Revenge wasn't on his mind, but coming through for his new team while playing in a familiar environment certainly was. That moment arrived when Colabello hit a two-run shot off Twins closer Glen Perkins to break a 4-4 tie and secure Toronto's fourth win in five games.
"Just try and go out and help the team win every day," Colabello said. "Swear to god. Just trying to compete, get good swings on balls. That's how I want to feel every day. I want to just feel that. I don't want to feel forcing for hits, I don't want to feel reaching for stuff.
"I want to help this team win baseball games, from the bottom of my heart. I've tried the other way where you're reeling for stuff, trying to figure out, 'They caught that one, how do I get them to not catch it.' ... I just want to help the baseball team win every day. That's a good feeling. That's a great feeling. To want to just come here and help these 24 other guys in the clubhouse."
Colabello has done that and a whole lot more since being promoted from Triple-A Buffalo on May 5. His ninth-inning homer extended his hitting streak to nine games and over that span he is batting .400 (14-for-35) with three homers, three doubles and six RBIs.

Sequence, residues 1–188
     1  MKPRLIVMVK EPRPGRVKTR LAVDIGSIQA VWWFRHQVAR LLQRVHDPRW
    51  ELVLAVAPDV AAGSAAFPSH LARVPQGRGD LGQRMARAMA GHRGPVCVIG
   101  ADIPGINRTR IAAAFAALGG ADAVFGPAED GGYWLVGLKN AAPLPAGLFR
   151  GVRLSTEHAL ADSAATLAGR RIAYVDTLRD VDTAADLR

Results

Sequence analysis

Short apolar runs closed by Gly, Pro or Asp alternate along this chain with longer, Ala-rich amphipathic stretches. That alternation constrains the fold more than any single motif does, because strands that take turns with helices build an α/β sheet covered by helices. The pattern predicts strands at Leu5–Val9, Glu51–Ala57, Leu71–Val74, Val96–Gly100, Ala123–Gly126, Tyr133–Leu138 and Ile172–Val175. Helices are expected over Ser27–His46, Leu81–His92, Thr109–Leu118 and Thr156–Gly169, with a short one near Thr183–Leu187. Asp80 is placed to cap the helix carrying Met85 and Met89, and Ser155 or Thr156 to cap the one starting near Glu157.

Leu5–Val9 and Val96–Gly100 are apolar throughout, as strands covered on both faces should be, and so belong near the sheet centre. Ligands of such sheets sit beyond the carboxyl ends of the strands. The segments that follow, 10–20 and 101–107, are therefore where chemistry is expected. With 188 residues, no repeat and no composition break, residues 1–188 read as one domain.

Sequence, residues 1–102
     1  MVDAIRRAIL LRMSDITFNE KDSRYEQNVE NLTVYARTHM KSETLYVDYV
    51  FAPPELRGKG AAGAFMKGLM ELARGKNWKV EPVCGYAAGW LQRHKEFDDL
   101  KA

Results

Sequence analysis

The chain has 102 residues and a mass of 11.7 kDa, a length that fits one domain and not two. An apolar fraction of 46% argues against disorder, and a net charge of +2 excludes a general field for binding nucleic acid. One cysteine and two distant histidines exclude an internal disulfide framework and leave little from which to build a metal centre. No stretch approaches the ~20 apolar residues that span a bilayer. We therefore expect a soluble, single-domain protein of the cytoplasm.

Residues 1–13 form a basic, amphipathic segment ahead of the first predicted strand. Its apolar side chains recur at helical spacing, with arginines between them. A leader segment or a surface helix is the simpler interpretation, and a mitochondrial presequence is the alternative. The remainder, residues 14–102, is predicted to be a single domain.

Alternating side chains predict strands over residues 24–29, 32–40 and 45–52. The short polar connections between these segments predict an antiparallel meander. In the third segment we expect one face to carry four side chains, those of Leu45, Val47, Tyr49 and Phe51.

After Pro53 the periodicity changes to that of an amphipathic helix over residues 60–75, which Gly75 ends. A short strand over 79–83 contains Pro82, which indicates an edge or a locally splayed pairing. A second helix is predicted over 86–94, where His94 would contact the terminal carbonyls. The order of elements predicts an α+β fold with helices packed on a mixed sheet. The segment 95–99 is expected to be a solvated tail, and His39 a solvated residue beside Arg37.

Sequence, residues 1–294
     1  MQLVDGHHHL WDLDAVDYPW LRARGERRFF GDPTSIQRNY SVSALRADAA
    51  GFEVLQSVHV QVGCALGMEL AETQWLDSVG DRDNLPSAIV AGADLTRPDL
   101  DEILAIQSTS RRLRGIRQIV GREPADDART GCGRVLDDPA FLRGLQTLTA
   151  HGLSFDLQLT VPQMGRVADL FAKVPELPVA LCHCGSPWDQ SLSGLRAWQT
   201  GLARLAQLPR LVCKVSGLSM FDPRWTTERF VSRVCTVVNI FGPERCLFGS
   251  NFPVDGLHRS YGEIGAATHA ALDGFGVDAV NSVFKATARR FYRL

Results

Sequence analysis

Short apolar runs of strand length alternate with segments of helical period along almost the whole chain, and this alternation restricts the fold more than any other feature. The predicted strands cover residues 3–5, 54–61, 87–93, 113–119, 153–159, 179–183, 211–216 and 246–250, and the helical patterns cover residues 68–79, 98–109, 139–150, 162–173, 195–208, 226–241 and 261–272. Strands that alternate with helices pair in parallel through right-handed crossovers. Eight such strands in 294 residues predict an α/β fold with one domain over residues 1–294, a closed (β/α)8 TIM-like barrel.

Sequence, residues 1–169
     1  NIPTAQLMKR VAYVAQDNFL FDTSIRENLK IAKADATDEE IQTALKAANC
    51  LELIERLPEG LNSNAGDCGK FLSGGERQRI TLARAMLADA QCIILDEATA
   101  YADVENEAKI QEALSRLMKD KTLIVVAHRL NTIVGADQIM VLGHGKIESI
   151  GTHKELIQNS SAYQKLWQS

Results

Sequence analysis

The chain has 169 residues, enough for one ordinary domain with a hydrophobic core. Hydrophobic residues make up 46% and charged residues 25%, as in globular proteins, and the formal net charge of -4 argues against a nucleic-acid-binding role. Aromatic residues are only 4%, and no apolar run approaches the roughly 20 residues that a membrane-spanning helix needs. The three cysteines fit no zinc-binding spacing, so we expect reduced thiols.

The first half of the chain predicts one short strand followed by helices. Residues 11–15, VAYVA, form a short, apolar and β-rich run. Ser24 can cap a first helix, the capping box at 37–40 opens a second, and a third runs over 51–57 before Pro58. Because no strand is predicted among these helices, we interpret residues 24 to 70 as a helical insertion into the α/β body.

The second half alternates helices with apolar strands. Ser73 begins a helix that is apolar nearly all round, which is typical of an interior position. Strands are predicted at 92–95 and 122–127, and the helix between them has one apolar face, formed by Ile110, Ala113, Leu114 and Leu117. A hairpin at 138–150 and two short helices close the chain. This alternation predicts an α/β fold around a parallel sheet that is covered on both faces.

The 31-year-old has at least one hit in all but five of his 23 games this season. He entered play on Friday with a .386 average and .440 on-base percentage. To say Colabello has exceeded expectations would be a drastic understatement, but the Blue Jays intend on riding this wave for as long as they possibly can.
"He just keeps hitting and hitting and hitting," Blue Jays manager John Gibbons said. "He's hitting the good pitching. You figure he has to cool off, but he hasn't really. And some clutch hits. He plays it the right way and he is playing all outfield and he has done a solid job out there. A couple of things backfired on him, but overall he has done a nice job out there, especially for a guy that isn't normally an outfielder.
"But I will say this, he's a winner, man. He plays to win. When we were here last year, he wore us out when he was on the other side, so we knew he could hit."
Gregor Chisholm is a reporter for MLB.com. Read his blog, North of the Border, follow him on Twitter @gregorMLB and Facebook, and listen to his podcast. This story was not subject to the approval of Major League Baseball or its clubs.